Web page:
To be honest, there was some comfort in that. The doctor may or not call. Tumors will be malignant or benign or entirely inconclusive.  And meanwhile there will still be kids to teach karate to. And lunch to eat. And a daughter to care for. And a husband to love. And it is not so much that I must do these things but that I can. I do not have to just sit there and wait for my phone to ring.

The doctor said he would call on Friday. But he didn't. So I waited at the dojo. Occasionally I would call Matthew to tell him something completely unrelated to cancer, and I would start the conversation with "He didn't call yet. Do you know where the laundry detergent is?" "He didn't call yet. Do you want the other half of my tuna melt."

I wanted to be all "whatever happens, happens." But I wasn't. It was a looooong day. When I was finally done teaching my classes, I called the doctor's office but he had already left for the day. 

I suppose I should pause this dramatic story to tell you that thyroid cancer is both very rare, and very treatable. It is slow to progress, rarely spreads, and can usually be "cured" just by removing part or all of the thyroid. I actually know a couple of people who have no thyroids. You take medicine for the rest of your life. I am not trying to belittle what they went through, I am sure it was still pretty awful. It is still cancer. It is still surgery. There are risks. Sometimes it takes a long time to get the medicine levels right. All I am saying is that if you absolutely have to have cancer, thyroid is one of the better ones to have.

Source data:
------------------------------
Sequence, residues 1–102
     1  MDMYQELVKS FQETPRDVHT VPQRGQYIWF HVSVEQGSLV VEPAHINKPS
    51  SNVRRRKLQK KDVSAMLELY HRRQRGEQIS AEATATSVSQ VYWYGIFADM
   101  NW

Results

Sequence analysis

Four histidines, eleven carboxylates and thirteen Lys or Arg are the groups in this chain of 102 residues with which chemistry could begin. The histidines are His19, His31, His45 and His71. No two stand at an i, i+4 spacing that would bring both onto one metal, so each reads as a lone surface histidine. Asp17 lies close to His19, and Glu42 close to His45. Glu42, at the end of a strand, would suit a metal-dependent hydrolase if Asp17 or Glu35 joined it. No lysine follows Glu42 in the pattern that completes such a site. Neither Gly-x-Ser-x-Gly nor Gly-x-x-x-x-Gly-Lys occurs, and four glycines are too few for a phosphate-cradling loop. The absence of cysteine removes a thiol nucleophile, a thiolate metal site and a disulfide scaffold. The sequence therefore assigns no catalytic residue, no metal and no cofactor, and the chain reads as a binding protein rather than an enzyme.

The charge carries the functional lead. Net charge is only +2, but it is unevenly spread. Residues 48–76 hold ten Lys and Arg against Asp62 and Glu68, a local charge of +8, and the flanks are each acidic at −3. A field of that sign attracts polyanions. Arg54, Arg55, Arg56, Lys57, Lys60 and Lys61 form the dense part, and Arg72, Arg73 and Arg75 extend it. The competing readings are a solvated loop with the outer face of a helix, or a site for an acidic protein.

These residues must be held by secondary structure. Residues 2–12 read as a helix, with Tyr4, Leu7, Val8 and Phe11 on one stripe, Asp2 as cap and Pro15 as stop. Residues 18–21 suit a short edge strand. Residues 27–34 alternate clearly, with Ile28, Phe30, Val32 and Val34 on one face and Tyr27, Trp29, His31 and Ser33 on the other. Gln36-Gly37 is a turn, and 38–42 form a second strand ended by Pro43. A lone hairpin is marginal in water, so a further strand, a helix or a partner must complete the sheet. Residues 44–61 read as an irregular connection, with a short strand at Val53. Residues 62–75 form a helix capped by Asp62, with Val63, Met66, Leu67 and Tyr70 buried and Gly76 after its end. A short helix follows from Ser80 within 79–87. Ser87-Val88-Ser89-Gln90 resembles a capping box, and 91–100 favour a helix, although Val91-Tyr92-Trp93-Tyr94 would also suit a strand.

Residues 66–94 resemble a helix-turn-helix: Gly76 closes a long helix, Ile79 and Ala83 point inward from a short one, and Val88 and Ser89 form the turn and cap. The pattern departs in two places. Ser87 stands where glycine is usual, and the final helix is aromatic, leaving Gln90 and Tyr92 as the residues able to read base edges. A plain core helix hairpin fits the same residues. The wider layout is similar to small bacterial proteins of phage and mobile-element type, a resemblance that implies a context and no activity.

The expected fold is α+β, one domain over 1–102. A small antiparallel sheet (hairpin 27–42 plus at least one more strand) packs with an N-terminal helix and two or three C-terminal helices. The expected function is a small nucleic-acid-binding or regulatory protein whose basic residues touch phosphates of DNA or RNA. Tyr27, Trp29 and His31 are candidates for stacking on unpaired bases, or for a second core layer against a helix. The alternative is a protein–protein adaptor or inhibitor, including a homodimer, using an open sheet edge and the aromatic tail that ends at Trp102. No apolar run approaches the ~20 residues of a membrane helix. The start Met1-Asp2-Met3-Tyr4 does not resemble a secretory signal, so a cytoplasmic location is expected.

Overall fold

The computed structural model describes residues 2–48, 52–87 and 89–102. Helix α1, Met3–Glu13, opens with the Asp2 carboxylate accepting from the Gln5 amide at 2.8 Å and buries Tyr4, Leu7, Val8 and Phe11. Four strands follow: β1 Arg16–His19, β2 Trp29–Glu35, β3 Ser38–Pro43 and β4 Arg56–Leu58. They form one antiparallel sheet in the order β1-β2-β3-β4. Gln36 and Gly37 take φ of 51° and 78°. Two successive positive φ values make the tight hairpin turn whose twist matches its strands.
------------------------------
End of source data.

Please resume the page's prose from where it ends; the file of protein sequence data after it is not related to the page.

On Sunday night, while everyone else was planning their snow days, I was thinking. "Oh crap. My ENT doc is 75 years old (literally). There is no way he is going to come to work if we get 30 inches of snow. He may stay home all week just to be safe! And I do not have his home number!"

When you are waiting to find out if you have cancer, it helps to keep a sense of humor. Matthew and I had a running series of jokes that involved the most insensitive way the doctor could break the news. They included things like "Good news Jennifer. You do not need to take any more tests. You have CANCER!" and "Raise your hand if you do not have cancer....not so fast, Jennifer."

You get the point.

I called his office around 9:30 Monday morning. Our conversation went like this. 
Him: "Good news. Your nodule thing is a benign gobbledygook-medical term-something goiter." Me: "Um can you just say NOT CANCER?"